Unlikely Voter

Conservative views on polls, science, technology, and policy

The Swingometer is here!

Be jealous no more of those Brits with their fancy Swingometers. Now we too have one! Of course, the idea of a uniform national swing makes no more sense here than it did over there, but it can still be fun to play around with. So enjoy the 2010 Swingometer for the US House, for whatever it’s worth.

P.S. It takes a 15.1 swing toward Republicans to change control of the House.

The Swingometer uses Javascript and SVG, and is only tested so far in Firefox, Safari, Safari Mobile, and Google Chrome. MS Internet Explorer probably can’t handle it. Opera might. Blackberry users are sent my condolences. Please feel free to hit the Contact form or leave a comment here with bug or success reports.


6 Responses to “The Swingometer is here!”

  1. That does not seem right to me, at all, that it takes a 15% swing to win back the House.

    Nationally, the Congressional vote in 2008 was 53.2%D/42.5%R. So only a +7.5%R swing would get the GOP to 50% of the vote and, historically, the GOP has been able to take or hold the House with as little as 48-49% of the national Congressional vote.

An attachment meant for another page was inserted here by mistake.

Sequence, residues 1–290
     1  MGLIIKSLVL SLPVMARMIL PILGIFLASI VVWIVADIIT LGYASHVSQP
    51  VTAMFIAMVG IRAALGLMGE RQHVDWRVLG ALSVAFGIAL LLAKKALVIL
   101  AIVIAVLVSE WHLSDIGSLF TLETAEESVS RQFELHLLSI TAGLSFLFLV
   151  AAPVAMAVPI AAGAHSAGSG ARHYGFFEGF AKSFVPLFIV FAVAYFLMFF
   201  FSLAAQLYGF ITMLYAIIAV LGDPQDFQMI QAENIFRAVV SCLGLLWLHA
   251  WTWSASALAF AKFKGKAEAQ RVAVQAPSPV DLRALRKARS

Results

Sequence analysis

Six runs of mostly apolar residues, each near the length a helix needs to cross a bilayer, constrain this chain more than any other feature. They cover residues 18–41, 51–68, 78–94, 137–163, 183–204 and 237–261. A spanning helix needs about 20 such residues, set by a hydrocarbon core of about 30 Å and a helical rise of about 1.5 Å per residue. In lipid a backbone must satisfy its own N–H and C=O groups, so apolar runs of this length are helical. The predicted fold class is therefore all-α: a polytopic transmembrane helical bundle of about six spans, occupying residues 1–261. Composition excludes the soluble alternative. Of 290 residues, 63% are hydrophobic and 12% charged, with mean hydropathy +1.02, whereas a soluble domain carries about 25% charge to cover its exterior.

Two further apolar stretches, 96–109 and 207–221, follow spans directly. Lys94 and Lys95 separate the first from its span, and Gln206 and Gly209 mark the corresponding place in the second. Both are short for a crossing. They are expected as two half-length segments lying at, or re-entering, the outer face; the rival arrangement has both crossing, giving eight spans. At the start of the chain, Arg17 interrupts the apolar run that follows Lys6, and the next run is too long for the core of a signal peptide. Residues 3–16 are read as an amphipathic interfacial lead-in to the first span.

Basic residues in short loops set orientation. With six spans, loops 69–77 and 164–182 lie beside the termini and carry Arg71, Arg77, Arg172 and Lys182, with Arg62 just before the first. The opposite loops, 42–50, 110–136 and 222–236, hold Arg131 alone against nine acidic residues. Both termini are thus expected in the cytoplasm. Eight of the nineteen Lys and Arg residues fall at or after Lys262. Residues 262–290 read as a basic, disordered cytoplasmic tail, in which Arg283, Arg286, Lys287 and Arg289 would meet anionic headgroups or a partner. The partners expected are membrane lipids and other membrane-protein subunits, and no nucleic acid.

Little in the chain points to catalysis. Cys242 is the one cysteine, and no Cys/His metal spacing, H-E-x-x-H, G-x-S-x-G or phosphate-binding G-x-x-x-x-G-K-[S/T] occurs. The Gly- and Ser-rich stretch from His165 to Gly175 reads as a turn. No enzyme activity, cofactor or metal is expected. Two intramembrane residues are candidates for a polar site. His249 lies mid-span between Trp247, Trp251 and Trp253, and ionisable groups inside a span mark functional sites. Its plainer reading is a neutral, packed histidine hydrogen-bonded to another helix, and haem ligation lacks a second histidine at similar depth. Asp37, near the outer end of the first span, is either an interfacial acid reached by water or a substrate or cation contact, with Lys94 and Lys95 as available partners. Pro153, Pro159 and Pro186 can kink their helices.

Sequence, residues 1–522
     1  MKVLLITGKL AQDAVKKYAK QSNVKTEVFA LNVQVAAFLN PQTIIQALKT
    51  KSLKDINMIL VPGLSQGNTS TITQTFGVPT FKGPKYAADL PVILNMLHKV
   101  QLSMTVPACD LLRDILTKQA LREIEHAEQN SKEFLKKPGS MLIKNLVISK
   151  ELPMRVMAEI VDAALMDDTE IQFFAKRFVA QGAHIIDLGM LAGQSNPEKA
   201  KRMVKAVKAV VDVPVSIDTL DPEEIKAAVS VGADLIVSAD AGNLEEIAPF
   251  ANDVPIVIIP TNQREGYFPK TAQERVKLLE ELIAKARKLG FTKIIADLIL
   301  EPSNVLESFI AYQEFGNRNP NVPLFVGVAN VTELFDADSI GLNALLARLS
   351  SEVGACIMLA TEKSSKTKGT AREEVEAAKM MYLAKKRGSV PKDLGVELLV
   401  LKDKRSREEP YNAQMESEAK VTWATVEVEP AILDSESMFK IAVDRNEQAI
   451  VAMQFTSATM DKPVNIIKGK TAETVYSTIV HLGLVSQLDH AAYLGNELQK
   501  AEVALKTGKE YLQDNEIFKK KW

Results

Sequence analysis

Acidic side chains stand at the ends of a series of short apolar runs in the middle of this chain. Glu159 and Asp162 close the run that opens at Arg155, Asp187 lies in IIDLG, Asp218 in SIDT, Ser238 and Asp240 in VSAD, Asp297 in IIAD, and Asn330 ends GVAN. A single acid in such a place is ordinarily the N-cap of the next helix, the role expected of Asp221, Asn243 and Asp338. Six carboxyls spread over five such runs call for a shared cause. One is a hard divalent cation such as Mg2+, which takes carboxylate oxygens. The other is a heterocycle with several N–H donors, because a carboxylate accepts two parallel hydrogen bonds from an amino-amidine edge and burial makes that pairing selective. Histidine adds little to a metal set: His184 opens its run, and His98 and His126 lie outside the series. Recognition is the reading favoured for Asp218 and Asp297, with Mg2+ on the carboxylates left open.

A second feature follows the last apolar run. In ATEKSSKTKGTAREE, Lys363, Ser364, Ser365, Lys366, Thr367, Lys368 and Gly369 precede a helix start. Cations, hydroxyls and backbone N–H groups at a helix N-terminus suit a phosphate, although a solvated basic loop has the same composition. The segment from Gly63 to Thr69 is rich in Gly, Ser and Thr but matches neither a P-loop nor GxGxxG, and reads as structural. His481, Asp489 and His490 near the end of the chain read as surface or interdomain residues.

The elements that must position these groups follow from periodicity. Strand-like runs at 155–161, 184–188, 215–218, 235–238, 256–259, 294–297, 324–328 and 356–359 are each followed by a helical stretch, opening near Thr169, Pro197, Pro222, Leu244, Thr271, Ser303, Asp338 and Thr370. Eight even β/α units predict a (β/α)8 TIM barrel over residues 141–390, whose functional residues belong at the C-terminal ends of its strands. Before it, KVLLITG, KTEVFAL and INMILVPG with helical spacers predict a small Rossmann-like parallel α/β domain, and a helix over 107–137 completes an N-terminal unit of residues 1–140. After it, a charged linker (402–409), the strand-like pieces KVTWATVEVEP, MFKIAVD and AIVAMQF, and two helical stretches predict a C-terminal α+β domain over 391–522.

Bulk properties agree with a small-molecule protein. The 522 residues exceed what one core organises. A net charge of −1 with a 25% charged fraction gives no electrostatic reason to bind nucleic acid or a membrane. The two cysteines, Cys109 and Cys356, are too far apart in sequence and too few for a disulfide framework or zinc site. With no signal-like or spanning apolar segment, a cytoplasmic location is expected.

So I’m thinking there’s a systematic error in there somewhere, if it’s telling you that you need *double* the percentage swing that you should need to actually take back the House. Is your swingometer based on just the 2008 national results? – That could be part of the problem right there…

    • Yeah, it’s not wrong to use the 2008 results. 2008 *happened*, like it or not!

    • I’ll look at it again though.

      • Freaking raw data was wrong based on what I just found. Digging in further…

        • False alarm. The raw data looks right.

          Note that this is *two-way* margin between Ds and Rs, seat by seat, which is how the BBC does their swingometers thanks to their active three-way party battle.

          Maybe that’s throwing you off.

          • I guess that would explain why it’s exactly double what I calculate the ‘swing’ to be.

            That said, I guess I don’t like the way the British do it – to my thinking, a ‘swing’ should only be done in terms of the ‘swing’ “for” or “against” a party, not the “swing” from one party to the other party! The latter seems like “double-counting” to me!

            Anyway, thanks for the explanation…

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